When I was a child, I remember skateboards arriving on my street in the mid 1970s as the latest fad. Some kids could ride them, most couldn’t (I didn’t even get close). Then skateboards seemed to fade for a decade or so, only to re-emerge in a much, much bigger way in the early 1990s with – I think – the West Coast surf/mountain bike/ showboard/grunge culture.
I may have got this cultural sequence and referencing wrong, but the point is, as with many things in life, the timing appears to be crucial. It’s the same with e-books.
Nine or ten years ago, Glassbook, MS Reader, Rocket E-book and many others were battling it out for universal acceptance. Poor revenue models (does anyone remember Steven King’s ‘just-leave-a-buck’ system?), a lack of useful content (out-of-copyright material is out of copyright – i.e. free – for a reason, but hats off to the excellent Project Gutenberg nevertheless), the unwillingness of publishers to do anything other than dabble and the dotcom crash all ensured e-books remained peripheral.
But now they’re back. But why will it be different this time around, especially in higher education? I would say that there are at least five good reasons.
First, the largest global online bookseller (see Amazon’s Kindle) and the one of the largest technological manufacturers (see Sony’s Reader) are now key players. Publishers will trust both of these companies. Second, there is an acceptance that all traditional media companies (music, news, publishing) have to produce new revenue models not based on rigid digital rights management (DRM). Third, the increasing willingness (albeit tentative at the moment) of academic publishers to release useful material in digital form. Fourth, the public realisation that the emergence of the e-book in no way signals the death of the printed book. (How can it? The paperback surely is an example, in design terms, of the perfect combination of form and function.) And finally, the technological developments in educational infrastructure and the changing expectations of students.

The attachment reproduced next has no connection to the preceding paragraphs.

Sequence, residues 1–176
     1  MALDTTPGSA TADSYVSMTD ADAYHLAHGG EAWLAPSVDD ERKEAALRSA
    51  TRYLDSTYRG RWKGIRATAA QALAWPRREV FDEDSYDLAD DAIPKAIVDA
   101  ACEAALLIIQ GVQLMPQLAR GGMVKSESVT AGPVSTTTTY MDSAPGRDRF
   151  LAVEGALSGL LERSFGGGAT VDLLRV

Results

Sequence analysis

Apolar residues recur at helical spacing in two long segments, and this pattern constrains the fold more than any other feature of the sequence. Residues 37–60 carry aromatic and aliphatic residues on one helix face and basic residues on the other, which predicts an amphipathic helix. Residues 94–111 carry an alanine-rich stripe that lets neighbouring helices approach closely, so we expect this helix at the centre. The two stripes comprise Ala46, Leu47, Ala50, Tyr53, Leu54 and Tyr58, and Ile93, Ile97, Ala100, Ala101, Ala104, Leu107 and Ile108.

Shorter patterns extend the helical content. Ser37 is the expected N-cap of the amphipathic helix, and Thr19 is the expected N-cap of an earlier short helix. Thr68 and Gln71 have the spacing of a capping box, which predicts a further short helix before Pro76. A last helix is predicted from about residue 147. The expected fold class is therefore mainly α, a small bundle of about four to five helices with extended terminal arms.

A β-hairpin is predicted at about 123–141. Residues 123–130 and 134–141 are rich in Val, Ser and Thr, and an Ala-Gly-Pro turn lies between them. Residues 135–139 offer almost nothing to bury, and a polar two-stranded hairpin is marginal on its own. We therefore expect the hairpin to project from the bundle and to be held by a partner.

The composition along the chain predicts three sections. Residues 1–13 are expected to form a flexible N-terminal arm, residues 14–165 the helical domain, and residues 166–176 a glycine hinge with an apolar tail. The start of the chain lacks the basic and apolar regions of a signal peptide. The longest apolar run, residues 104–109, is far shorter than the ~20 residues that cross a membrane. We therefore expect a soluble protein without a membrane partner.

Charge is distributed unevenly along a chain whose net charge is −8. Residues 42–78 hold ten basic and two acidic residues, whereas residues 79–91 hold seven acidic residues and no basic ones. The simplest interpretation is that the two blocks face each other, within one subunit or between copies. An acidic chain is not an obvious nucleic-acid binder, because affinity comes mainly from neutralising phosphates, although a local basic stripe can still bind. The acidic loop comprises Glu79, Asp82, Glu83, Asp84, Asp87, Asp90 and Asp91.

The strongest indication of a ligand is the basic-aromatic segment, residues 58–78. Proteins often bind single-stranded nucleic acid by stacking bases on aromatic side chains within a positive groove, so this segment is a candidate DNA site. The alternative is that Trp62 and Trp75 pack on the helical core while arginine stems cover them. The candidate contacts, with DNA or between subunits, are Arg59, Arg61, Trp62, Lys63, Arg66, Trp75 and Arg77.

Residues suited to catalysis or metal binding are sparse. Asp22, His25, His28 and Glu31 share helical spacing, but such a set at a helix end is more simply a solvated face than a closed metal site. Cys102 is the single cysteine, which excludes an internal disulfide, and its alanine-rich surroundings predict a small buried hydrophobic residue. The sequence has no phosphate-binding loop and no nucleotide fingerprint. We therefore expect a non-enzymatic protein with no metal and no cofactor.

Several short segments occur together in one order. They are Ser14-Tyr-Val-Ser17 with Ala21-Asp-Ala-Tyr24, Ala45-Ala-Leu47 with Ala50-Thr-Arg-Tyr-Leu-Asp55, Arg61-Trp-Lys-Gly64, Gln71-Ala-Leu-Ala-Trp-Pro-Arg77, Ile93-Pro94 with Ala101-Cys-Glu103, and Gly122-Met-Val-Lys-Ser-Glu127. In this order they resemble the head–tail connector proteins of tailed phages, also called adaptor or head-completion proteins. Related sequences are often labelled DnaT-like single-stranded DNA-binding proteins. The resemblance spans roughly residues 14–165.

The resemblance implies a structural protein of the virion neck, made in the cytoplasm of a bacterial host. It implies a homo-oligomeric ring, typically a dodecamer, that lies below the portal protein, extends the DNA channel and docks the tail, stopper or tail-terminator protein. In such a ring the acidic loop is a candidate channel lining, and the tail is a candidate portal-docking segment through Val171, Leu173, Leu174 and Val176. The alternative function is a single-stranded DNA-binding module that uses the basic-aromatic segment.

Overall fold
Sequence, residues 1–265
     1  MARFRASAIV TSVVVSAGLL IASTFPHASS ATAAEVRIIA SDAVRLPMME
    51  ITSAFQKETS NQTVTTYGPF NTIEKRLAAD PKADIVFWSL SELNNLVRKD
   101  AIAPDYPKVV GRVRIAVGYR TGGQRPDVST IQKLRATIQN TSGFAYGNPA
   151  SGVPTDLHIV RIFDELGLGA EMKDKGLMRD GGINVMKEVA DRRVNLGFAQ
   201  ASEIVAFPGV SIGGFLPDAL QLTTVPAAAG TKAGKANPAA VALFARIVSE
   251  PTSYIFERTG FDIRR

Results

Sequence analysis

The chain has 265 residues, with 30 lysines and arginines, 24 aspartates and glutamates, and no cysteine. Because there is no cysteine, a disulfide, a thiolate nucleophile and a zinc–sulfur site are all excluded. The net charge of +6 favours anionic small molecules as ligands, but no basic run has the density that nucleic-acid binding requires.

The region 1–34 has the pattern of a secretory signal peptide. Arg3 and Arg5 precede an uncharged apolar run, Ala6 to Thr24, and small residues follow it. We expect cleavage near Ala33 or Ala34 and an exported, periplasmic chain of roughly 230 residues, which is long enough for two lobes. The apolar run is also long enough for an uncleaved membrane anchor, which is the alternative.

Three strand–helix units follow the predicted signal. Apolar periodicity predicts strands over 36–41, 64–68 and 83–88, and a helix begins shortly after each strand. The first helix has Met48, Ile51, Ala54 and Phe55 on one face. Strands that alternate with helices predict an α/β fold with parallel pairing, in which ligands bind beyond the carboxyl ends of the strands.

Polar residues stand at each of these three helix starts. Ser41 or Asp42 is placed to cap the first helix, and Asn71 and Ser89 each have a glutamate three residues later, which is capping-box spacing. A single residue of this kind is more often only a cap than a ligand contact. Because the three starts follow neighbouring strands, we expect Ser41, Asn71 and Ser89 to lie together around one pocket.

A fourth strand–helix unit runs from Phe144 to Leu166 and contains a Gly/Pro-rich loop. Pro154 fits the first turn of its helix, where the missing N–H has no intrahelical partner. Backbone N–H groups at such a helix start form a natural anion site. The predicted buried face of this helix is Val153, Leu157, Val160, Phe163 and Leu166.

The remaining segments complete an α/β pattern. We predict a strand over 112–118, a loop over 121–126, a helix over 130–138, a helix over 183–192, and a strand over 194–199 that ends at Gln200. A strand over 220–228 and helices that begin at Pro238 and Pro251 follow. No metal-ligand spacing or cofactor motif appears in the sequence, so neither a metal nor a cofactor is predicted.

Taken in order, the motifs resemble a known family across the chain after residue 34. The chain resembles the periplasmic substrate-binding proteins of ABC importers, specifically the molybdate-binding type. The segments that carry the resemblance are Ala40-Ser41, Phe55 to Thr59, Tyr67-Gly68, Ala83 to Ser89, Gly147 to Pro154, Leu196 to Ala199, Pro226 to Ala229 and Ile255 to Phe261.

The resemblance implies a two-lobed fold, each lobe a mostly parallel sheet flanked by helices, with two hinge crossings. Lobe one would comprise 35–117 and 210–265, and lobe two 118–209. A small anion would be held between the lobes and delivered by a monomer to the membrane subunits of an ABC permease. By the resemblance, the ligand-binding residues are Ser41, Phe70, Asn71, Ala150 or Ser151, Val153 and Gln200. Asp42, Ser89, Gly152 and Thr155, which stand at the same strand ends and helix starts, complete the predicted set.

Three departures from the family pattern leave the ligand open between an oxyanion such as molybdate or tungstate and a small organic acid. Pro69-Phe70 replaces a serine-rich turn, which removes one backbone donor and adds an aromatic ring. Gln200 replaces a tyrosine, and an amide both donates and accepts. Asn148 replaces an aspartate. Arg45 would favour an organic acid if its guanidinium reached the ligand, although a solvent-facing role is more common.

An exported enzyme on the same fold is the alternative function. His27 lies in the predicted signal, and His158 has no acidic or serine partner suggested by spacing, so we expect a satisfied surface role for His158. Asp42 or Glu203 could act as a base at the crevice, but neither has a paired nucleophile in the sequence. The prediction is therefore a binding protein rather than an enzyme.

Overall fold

So what does this mean for the future? Well, I genuinely believe that we are not far away from a situation where a student on a wireless-enabled campus at the end of a lecture is able to connect to that university’s Amazon storefront, check his or her credit balance, buy and download the chapter, section or pages recommended by the lecturer (not the whole book, mind), and then read, annotate and bookmark this in the coffee shop five minutes later. That student may even click on the hyperlinked references in the text’s bibliography and purchase additional ‘knowledge chunks’.
In effect, rather than buying several large printed textbooks, many of whose chapters will never be consulted, a student, during his or her degree, will construct a bought library of many of these high-quality knowledge chunks, each of which is highly specific to the course of study.
The hardware – whether a bespoke device, iPhone or netbook – is fun but, despite the whiz/wow factor, really not that important. Neither is the format of the material (PDF or HTML/XML), although I prefer the latter as it is far more powerful and long lasting.
But connectivity, mobility and, most crucially of all, content are absolutely key. Excellent standards in the first two are already with us; for the third, it’s time for the academic publishers to climb back on their skateboards. They may tumble once or twice, but they really cannot afford to miss this potential market, DRM or not. In our world of VLEs and PLEs, the gains will be enormous.